Monday, January 17, 2011
This tribute, by Prof. Chris Kaczor (Philosophy, Loyola-LA), to my former colleague, Ralph McInerny, is well worth reading. What a wonderful life.
. . . His academic achievements are well known — eight honorary doctorates, presidential and pontifical appointments, Gifford Lectures and teaching stints from Argentina to Oxford. His man was, of course, Saint Thomas Aquinas, but not only Thomas. The New York Times obituary noted that Ralph “wrote on the sixth century philosopher Boethius, the 12th-century Spanish Arabic scholar Averroes and later thinkers and theologians, including Cardinal Newman, Kierkegaard, Pascal and Descartes.”
The Los Angeles Times obituary focused on him as “the prolific author of approximately 100 novels. Beginning with Her Death of Cold in 1977, he wrote more than two dozen mysteries featuring Father Dowling, which led to the 1989–91 Father Dowling Mysteries TV series starring Tom Bosley.”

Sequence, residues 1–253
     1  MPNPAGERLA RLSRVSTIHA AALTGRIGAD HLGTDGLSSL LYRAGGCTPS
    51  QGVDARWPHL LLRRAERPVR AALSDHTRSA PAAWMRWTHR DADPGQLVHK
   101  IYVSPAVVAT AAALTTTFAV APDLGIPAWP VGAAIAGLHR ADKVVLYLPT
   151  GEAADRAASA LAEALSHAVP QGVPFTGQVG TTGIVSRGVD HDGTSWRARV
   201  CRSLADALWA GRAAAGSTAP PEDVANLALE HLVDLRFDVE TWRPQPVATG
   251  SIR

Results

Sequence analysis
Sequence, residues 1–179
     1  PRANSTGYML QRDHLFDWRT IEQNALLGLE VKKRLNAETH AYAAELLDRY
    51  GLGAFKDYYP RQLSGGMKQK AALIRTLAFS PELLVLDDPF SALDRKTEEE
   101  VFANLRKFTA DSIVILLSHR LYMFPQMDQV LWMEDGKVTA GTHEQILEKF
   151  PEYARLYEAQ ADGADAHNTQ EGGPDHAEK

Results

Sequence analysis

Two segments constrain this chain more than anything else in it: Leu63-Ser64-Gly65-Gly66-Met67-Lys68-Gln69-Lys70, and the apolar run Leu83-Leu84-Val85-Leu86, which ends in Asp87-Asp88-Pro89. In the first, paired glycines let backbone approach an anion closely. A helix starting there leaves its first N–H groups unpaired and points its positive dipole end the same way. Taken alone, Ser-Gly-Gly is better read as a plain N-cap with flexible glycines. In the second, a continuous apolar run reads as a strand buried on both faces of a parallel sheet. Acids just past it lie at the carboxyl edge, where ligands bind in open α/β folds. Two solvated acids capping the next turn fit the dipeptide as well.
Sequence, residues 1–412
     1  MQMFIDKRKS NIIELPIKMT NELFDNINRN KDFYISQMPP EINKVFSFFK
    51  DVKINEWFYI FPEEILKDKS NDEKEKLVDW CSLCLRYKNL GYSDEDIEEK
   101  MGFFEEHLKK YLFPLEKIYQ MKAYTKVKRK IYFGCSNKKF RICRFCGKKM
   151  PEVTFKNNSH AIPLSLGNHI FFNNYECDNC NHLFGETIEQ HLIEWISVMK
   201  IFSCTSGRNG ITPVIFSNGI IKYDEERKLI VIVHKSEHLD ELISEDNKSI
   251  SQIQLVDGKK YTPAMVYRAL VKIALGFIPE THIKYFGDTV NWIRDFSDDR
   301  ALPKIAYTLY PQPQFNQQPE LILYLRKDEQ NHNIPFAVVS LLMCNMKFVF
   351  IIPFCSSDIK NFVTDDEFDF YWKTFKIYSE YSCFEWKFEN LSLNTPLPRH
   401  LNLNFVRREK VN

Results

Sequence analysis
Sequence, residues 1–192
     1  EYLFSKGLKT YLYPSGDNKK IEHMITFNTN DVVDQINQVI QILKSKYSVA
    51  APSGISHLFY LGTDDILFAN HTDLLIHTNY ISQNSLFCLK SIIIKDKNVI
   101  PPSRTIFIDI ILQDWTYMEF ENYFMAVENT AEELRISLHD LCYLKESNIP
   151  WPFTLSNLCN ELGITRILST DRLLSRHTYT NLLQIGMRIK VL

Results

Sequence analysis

Indeed, The Times of London was not the first place to note Ralph’s extraordinary productivity. “George Orwell, who famously, and wrongly, concluded that the Billy Bunter oeuvre was too vast to have been written by one man (Frank Richards), would have had a similar problem with the output of Ralph McInerny, the American Catholic scholar and writer of detective fiction.” But Ralph was much more than a prolific author. . . .
- A Catholic Debate over Liberalism
- Charitable Giving and Taxes
- The Church would not exist without women
- Fixing Law Schools
- "Saving Democracy from the Managerial Elite"